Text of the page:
Posted on: 14 October 2015Share
Pursuing personal injury compensation after a car accident isn't always a smooth affair. There are many reasons for this, but the insurance company of the at-fault driver often doesn't help matters. Knowing why insurance companies act the way they do will prepare you on how to deal with them. Here are some of the frustrations you are likely to face, what they mean, and how to counteract them:
Delaying Their Response after Receiving the Demand Letter
It's highly unlikely that you will write a demand letter and get a check in the mail as the first response. Expect some delay, which may or may not be a deliberate act of the insurance company. For one, the adjuster needs time to assess your claim and determine its strength. Secondly, he or she may wish to make you anxious to the point where you give up and accept whichever offer he or she makes.
Although you may be anxious, don't let the adjuster intimidate you. According to TheLawDictionary.com, these companies can actually wait about 45 days before responding. The adjuster will finally respond to your claim, and when he or she does, you counter with a demand and thus begin the negotiation process. If you don't receive a response, you should send a follow-up letter--especially since your claim could be time sensitive.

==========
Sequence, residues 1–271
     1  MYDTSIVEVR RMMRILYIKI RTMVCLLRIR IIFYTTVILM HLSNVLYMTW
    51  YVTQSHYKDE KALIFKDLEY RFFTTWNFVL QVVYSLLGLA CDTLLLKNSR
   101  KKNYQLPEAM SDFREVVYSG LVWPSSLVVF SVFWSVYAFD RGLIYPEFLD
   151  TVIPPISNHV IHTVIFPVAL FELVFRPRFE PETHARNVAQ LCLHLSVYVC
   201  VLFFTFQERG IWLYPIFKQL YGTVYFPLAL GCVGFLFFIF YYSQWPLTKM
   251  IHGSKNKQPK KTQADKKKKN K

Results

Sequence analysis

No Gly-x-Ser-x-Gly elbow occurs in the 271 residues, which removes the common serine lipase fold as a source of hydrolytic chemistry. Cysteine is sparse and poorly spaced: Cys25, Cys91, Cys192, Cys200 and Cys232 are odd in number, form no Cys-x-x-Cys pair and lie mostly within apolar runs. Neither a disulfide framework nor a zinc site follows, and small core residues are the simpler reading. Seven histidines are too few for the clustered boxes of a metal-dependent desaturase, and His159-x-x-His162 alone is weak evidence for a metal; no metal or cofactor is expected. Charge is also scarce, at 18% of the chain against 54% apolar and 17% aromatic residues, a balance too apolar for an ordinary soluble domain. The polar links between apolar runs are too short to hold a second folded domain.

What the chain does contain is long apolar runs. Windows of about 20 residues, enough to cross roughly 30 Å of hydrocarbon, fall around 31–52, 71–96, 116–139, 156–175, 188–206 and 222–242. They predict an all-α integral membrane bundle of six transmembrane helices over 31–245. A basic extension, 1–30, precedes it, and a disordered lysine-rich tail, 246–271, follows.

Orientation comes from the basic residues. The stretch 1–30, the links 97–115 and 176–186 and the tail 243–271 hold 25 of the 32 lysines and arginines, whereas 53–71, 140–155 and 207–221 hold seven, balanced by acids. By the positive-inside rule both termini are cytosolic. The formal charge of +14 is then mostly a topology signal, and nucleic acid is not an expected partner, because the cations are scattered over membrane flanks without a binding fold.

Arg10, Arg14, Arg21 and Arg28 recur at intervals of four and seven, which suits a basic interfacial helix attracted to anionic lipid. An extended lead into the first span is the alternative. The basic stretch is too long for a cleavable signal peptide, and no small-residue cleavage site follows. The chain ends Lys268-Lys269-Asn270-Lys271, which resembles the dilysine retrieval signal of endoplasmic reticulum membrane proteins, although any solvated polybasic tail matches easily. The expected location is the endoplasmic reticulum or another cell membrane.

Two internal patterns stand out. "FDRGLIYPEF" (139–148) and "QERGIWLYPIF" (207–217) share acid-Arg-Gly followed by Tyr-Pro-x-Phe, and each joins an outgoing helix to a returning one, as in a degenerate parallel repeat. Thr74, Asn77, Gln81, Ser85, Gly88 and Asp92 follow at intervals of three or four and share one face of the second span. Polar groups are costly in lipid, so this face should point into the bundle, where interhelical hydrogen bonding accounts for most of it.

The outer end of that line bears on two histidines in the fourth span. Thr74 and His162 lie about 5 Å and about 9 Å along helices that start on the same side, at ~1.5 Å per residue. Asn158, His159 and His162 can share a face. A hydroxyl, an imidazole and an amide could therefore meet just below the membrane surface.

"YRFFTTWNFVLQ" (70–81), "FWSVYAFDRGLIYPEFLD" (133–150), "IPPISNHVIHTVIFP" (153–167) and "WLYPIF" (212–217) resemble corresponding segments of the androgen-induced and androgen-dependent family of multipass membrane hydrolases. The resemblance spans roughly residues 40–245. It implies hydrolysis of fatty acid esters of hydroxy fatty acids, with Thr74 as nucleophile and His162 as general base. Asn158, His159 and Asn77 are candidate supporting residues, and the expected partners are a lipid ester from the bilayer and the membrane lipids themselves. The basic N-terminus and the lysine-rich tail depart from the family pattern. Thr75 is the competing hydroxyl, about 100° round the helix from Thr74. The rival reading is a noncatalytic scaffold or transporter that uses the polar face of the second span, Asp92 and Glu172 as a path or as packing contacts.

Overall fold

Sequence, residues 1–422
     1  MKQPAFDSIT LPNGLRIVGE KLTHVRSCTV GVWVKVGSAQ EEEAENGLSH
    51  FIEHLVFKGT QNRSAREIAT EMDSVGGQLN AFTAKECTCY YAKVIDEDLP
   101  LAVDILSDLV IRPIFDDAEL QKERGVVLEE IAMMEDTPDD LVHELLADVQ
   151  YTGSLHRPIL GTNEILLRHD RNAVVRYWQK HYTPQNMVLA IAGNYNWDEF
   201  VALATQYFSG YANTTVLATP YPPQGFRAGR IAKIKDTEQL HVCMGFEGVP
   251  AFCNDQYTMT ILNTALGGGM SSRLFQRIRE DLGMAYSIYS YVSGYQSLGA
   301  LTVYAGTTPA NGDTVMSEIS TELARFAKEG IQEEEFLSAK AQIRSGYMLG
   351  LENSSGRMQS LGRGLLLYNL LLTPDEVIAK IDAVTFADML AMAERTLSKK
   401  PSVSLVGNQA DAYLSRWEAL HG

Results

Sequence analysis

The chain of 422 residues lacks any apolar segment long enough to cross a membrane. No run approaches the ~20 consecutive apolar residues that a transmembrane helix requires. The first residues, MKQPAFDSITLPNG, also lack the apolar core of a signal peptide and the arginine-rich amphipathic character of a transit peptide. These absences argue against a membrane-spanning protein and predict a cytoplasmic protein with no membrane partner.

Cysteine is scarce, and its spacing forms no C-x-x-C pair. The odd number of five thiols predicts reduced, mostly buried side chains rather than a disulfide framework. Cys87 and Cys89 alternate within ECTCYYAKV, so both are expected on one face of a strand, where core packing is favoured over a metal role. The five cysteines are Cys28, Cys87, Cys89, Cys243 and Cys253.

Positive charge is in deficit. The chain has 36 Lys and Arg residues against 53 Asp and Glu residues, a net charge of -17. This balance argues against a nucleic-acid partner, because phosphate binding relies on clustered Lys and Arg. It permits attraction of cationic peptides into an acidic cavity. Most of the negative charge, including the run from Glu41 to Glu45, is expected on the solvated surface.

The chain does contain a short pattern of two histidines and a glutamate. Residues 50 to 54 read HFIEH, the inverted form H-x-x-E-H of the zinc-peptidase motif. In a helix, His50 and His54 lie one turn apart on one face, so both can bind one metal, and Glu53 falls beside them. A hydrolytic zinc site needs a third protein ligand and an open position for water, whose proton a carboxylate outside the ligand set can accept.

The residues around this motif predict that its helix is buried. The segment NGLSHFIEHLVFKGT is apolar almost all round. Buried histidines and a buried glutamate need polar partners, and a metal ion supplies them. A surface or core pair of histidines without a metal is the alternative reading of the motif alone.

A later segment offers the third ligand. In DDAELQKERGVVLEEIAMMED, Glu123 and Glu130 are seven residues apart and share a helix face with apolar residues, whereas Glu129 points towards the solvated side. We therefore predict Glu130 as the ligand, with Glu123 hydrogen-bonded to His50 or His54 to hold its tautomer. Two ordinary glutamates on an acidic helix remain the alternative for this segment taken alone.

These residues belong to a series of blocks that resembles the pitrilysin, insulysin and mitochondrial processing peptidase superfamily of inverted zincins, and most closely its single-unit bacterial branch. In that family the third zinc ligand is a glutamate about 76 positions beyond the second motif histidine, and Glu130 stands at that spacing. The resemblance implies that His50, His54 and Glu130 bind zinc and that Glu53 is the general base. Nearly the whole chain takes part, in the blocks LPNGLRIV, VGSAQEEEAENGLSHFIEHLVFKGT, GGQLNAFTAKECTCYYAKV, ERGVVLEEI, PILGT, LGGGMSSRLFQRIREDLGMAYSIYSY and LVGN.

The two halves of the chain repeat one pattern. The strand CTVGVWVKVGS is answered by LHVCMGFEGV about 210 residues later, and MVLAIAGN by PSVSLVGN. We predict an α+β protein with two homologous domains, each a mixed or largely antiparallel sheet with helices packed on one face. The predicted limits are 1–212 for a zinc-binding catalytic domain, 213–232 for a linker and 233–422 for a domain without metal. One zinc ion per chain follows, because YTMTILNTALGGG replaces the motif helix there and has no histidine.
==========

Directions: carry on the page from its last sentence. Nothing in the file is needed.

Making an Insulting Low-ball Offer
Apart from seemingly unnecessary delays, another annoying act from insurance companies is their attempts to make a low-ball offer. The main reason for this is that the company is looking to save money by aiming for the lowest settlement possible. The lower its initial offer is, the higher the chances that the closing figure (the one you are likely to agree on) will also be relatively low. Making a low offer also signals that the insurer doesn't believe that your claim is strong. Whether or not this is the case is a different issue altogether. A lawyer, like The Best and Westover, can tell you whether or not you have a strong case or whether you should accept a low offer.
Making an Unsolicited Settlement Offer
There are also a few cases where insurance companies make unsolicited offers of compensation. An adjuster may approach you soon after an accident, even before you get over your injuries and make you an offer. In fact, the adjuster may even attempt to arm-twist you by claiming that the offer is only valid for a short duration after which it will be withdrawn.
As your parents probably warned you, you should be aware of strangers with gifts. The main reason an adjuster would make such an offer is to catch you off guard and make you accept the offer without taking stock of your injuries and evaluating the value of your claim. Refuse such an offer (even if it looks genuine and sizable) until you can talk with your lawyer.